It was all so theatrical: the small balcony, the symbol of the Ecuadorian embassy affixed to the railing, the gold, blue and red of the Ecuadorian flag. Julian Assange, neatly dressed in a blue shirt and maroon tie, stepped out and spoke to his adoring fans.
I suppose the tableau would have been more to his liking if the balcony was set at a much more commanding height: it’s not much higher than street level. Assange’s admirers did not constitute a massive throng. As he emerged, heroic music didn’t rise, Assange did not burst into a revised version of “Don’t Cry for Me, Argentina” which paid homage to the land which had given him refuge. Rather, he droned on about how Wikileaks is being persecuted by the United States government. While it’s certainly true that the American government is going after Wikileaks, Assange is so damaged as a spokesperson for the cause that an observer could be forgiven for thinking that he was talking about himself. He seems more than capable of making the megalomaniac’s error of thinking the cause is himself and he himself is the cause. Presumably, so as not to come across as nothing more than a malignant narcissist, he made mention of Bradley Manning, the former soldier who gave information to Wikileaks and has suffered terrible privations as a result. So as to diminish the perception that he is Vladimir Putin’s puppet, an impression which began the moment he accepted money from the state owned television channel “Russia Today”, he made mention of the now-imprisoned Russian punk rock band Pussy Riot. Then, mercifully, he stopped. Assange disappeared back into the confines of his Ecuadorian bedsit, presumably to remain for the foreseeable future.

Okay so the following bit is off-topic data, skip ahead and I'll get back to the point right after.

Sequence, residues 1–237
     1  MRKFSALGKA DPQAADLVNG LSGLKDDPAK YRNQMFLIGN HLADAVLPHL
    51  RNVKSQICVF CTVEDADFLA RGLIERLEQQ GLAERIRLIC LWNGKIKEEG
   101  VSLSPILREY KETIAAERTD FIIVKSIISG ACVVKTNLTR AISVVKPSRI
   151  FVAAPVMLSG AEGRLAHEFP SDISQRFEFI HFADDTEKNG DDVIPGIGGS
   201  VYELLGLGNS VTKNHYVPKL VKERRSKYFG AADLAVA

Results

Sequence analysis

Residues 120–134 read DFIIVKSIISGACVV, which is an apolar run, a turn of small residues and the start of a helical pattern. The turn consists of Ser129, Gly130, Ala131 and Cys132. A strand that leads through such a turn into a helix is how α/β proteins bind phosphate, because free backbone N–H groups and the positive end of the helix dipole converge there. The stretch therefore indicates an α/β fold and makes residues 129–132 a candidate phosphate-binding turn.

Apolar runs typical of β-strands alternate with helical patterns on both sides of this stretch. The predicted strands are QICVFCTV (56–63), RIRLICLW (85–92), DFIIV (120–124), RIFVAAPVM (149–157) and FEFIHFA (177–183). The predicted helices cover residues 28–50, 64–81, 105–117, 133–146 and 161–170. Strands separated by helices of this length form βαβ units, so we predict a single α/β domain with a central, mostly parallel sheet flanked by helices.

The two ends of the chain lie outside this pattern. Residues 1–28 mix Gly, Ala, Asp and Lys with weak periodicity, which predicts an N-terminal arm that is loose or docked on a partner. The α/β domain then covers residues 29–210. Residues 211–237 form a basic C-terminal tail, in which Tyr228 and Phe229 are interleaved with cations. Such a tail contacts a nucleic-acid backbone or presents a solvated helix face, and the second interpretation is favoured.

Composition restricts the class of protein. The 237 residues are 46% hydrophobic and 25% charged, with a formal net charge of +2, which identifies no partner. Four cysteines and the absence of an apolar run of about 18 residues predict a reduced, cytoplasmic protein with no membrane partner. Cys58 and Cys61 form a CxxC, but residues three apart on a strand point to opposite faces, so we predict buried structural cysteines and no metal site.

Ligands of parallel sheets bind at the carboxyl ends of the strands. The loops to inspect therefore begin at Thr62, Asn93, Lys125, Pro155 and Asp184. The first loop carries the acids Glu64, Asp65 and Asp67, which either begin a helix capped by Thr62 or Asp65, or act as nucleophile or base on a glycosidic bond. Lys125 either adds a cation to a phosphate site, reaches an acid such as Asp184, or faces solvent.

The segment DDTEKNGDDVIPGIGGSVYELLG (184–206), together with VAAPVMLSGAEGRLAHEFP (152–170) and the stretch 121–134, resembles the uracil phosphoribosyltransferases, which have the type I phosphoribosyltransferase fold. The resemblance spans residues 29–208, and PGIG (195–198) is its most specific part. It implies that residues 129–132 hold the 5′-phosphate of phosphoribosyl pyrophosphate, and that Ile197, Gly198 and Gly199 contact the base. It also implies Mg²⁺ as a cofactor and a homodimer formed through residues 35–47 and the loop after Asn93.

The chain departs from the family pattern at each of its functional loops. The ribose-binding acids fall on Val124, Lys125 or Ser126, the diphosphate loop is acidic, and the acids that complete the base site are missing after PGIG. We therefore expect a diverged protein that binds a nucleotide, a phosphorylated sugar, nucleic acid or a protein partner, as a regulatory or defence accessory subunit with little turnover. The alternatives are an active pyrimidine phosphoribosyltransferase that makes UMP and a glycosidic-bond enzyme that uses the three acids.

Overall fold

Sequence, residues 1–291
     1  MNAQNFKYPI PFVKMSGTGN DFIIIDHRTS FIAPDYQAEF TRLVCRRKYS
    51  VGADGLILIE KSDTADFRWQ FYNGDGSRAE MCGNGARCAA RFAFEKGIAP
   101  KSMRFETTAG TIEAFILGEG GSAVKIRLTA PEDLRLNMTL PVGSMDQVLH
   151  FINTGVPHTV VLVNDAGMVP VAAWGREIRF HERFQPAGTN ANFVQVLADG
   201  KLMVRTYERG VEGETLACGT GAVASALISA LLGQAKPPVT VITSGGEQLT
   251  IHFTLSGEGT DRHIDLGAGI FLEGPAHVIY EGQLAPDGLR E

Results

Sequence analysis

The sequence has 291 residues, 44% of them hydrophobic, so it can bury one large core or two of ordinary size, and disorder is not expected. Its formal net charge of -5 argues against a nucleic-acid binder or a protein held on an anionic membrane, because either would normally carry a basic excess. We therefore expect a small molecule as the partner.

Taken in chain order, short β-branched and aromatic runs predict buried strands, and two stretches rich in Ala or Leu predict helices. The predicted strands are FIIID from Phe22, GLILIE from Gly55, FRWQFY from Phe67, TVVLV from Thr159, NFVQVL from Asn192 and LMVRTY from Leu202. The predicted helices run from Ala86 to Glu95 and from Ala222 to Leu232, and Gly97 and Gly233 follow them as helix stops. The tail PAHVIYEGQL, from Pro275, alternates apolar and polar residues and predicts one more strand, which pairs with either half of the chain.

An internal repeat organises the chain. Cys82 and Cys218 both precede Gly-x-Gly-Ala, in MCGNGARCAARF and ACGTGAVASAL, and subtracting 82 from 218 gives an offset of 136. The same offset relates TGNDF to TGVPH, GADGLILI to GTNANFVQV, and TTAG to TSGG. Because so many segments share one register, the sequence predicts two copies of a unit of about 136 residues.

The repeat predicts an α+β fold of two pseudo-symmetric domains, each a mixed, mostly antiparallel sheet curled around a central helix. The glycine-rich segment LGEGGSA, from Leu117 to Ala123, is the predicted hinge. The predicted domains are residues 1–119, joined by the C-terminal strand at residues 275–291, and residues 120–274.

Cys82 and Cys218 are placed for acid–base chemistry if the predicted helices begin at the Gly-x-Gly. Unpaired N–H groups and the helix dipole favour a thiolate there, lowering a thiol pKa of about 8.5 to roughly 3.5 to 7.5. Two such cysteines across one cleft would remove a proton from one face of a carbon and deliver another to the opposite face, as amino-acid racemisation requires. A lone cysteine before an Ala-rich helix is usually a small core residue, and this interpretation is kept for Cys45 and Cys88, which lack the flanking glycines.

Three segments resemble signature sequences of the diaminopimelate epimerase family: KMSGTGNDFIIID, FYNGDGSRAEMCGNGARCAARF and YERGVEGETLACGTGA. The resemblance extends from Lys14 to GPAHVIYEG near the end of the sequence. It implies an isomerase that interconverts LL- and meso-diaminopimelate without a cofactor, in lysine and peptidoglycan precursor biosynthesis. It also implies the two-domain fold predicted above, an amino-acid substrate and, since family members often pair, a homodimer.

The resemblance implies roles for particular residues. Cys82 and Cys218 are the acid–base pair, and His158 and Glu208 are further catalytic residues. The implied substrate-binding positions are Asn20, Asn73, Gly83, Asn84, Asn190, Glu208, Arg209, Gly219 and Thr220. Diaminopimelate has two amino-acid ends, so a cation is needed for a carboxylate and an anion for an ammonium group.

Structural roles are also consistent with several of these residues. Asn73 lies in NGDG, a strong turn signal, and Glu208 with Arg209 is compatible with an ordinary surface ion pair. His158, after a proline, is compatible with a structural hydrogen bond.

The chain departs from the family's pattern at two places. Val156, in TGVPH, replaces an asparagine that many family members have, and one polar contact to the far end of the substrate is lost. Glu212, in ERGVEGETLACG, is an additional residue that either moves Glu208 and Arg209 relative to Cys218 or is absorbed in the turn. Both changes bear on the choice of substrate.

According to the Independent newspaper, the Ecuadorian embassy consists of only ten rooms on the first floor. Assange has been granted a small office which has been converted into a bedroom. He’s also been given an internet connection, bathroom and access to a kitchenette. The British Government will not offer him safe passage; Ecuador won’t let Assange be arrested. Thus he remains at liberty, but not really: he is free to wander the ten rooms. His supporters pay him visits; one brought him a chocolate cake. He can witness the occasional Ecuadorian citizen coming into the embassy to get a passport renewed. He can talk on the internet; though one of the conditions of his asylum offer is that he refrains from political activity. He can look out the window and watch London’s life go on. The more he lingers, the longer that life will go on without him. If he persists in his confinement, perhaps he will experience that which he seems to fear the most: obscurity. Indeed, if he stays, he may become a curiosity, a strange relic passed from one Ecuadorian ambassador to the next; there is a precedent, during the Cold War, a Hungarian dissident remained in the United States embassy in Budapest for 15 years. Perhaps Assange knows he may be forgotten. Perhaps once he senses that he is no longer the centre of attention, that will be the moment he chooses to emerge. We’ll see.
Assange, despite what he and his supporters think, is not important. Due process is what is vital: in this case, it has been applied up until the point Assange skipped bail. Sweden went through careful deliberation before issuing an international arrest warrant. Britain granted him every chance of appeal; all were denied, and for good reason. The concept of rape and the inviolable principle of consent were under attack.
Strangely, ugly truths seem to emerge in bunches. The truth about the vileness of institutionalised racism emerged in the 1950’s in both the United States and in apartheid South Africa. The failure of the markets in 2007 was a worldwide occurance. Assange’s case has been followed closely on by two distinct incidents which are just as disturbing.